Adaptation to Meuse Flood Risk, 2010 - 2012

Introduction
In 1993 and 1995 the Meuse overflowed its banks, leading to extensive flood damage in the Netherlands. Due to climate and land use change, the frequency of high-flows is expected to increase in the future. Furthermore, the potential damage of floods is expected to increase due to socioeconomic developments in flood-prone areas. Both of these factors can be assessed through the concept of flood risk (defined as probability of flooding x damage). In Europe, the flood risk management approach has been given added impetus by the European Flood Directive of 2007. However, there is currently a lack of knowledge internationally on the sensitivity of flood risk to long-term changes in physical and socioeconomic parameters.

Meuse Flood Given the expected increases in flood probability and risk, research is needed to provide adaptation measures that can maintain future safety. Therefore, the steering committee IVM2 was set up to assess which measures will be needed post-2020 to ensure that the Meuse continues to comply with flood defence laws. However, the effectiveness of flood defence measures has traditionally only been assessed in terms of their contribution to reducing flood probabilities. The damages associated with low probability flood events are high, and hence adaptation should also aim to reduce potential damage. Flood risk modelling facilitates the assessment of the impacts of adaptation measures on flood risk, but is rarely used to assess adaptation measures at the basin-scale.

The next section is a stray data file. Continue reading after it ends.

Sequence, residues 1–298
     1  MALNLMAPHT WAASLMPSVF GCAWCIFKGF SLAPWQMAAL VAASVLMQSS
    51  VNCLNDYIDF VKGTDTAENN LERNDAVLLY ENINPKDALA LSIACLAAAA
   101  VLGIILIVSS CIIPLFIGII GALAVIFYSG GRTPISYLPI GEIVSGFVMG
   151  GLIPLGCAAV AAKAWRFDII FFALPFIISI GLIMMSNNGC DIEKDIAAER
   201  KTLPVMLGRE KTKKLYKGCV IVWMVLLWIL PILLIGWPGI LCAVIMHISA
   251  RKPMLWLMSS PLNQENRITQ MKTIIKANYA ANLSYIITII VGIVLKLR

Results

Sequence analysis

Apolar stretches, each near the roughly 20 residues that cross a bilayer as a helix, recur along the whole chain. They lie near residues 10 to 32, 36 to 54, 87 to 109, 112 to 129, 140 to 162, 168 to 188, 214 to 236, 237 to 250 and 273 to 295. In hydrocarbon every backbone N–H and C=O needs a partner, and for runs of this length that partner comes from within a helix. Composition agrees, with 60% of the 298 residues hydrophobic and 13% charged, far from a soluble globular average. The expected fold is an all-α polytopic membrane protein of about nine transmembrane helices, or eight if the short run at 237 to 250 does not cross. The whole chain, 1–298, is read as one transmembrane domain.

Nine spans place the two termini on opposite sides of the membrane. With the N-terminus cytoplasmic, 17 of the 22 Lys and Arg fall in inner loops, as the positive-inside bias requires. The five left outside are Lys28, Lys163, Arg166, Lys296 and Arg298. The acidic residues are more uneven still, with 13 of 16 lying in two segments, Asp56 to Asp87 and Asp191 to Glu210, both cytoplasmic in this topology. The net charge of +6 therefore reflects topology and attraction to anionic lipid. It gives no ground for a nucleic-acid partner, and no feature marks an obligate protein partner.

Research aims
In the proposed research we aim to assess the sensitivity of Meuse flood risk to changes in climate, land use, and socioeconomic development. This will be carried out by combining a number of models developed partly under the KvR-ACER and AvV projects. Thereby, we will contribute to the emerging scientific discourse in this field, whilst also providing concrete risk estimates for the Meuse. Moreover, we will develop new spatial planning based adaptation strategies, in a multi-stakeholder workshop setting. Next to scientific advances made in this research, we will provide usable results for stakeholders Rijkswaterstaat Waterdienst, Provincie Limburg, Waterschap Roer en Overmaas. To realize this Kennis voor Klimaat Project HSGR06, IVM cooperates with Deltares.

Contact information: Dr. Philip Ward